Explorer of the Week: Feliciano dos Santos

Emerging Explorer Feliciano Dos Santos uses a guitar and a strong sense of rhythm to fight against against diseases and speak up for clean water and sanitation in Mozambique. Dos Santos contracted polio due to poor drinking water when he was a little boy growing up in Niassa Province and doesn’t want other children to endure this hardship. He stresses that the focus should be on peoples’ vital needs, “The many challenges they have to face, is not only access to drugs….We have to think about basic things, people can have access to vitamins every day, but with what kind of water will we drink these drugs?”

What projects are you working on now?
Access to land and community resources, health marketing social, home base care, water and sanitation.

What did the support from National Geographic help you accomplish?
The support gave me more access to funds, more visibility, and all the work I do also benefited from this support.

What is one of your favorite songs that you wrote?
“Kumalembe” (Cemetery). The idea of this song is to tell people not to be materialistic. When we die we don’t take anything with us.

Hear an interview with dos Santos on National Geographic Weekend:

Can you tell us about a child or person whose life was changed by your music or one of your songs?
Once I was in a church and heard the priest saying something about one of my songs: “Have you heard what Santos says in his song? It’s important to share things with others.” He was talking about the “Kumalembe” song. I felt so proud. It was nice to hear that my work can be used to motivate people.

If you had an endless supply of funds, what would your next project be?
It would be an art school. I’d love to teach children about painting, traditional dances, music, theater, and video. For me, it’s very important to use art to help people. I think the actual music is so empty and for me it’s important to pass a message through the music. I believe we have talented children, but they cannot show it because there aren’t music schools to help them to explore their talents.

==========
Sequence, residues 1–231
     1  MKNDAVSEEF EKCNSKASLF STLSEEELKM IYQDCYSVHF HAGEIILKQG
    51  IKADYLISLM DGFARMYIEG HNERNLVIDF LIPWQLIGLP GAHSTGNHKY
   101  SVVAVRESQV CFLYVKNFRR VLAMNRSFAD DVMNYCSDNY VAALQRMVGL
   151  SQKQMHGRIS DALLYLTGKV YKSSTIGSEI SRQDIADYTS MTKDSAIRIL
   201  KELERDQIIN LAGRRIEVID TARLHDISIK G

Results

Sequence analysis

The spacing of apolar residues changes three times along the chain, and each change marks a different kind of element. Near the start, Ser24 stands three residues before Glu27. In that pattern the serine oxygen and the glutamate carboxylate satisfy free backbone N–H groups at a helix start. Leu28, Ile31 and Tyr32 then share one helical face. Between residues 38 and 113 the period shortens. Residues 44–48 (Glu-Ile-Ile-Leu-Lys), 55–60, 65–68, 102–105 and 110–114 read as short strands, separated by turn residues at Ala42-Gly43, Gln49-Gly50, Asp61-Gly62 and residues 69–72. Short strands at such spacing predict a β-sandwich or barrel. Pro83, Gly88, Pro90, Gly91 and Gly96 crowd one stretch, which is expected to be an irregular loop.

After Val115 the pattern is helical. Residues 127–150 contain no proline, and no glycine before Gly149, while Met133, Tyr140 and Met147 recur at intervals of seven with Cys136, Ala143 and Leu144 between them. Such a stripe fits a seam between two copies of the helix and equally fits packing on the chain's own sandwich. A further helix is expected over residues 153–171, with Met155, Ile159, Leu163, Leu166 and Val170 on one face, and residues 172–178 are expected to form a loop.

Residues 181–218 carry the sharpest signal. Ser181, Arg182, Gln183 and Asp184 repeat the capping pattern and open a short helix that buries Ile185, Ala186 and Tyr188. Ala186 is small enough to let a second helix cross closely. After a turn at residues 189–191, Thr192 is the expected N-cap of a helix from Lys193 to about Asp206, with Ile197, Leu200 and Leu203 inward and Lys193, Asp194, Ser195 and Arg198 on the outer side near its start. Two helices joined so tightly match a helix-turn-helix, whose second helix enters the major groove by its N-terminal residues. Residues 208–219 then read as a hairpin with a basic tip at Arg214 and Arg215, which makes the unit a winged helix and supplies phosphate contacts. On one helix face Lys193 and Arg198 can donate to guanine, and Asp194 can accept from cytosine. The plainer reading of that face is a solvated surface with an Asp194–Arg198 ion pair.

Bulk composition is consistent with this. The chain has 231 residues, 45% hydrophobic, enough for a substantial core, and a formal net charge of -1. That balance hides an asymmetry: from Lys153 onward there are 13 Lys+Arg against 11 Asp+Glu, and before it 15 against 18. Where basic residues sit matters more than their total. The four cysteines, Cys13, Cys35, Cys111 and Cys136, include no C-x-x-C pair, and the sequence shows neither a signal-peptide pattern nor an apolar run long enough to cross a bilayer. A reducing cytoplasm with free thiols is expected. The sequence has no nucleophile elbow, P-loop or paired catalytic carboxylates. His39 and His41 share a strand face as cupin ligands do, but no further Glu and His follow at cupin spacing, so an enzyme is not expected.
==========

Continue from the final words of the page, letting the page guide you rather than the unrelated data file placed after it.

What’s the biggest surprise you’ve discovered in your work or in the field?
I think that the biggest surprise I had is that the solution for a problem in a community is already there, with the community. And it always has been there. For example, there are lots of artificial products to treat water. But you see the community here use moringa, a natural plant, to purify their water. So, they already have the solution.
This is something that always has inspired us. Our rhythms and melodies come from the community. We don’t go far to get this inspiration. We base our work on traditions within the community.

Dos Santos and his band, Massoukos, were featured on the series “Music of Resistance.”

If you could trade places with one explorer at National Geographic, who would it be and why?

If I could I’d like to change places with Ken Banks. For me, his project is very interesting. I think we could use this mobile technology here in Mozambique. It would be very useful to spread news and urgent facts in a quick way.

If you could have any backup band in the world, what band would you choose?
The Wailers

Human Journey


Meet the Author
Amy Bucci is a web producer for National Geographic. Her projects mainly cover National Geographic explorers, grantees and initiatives.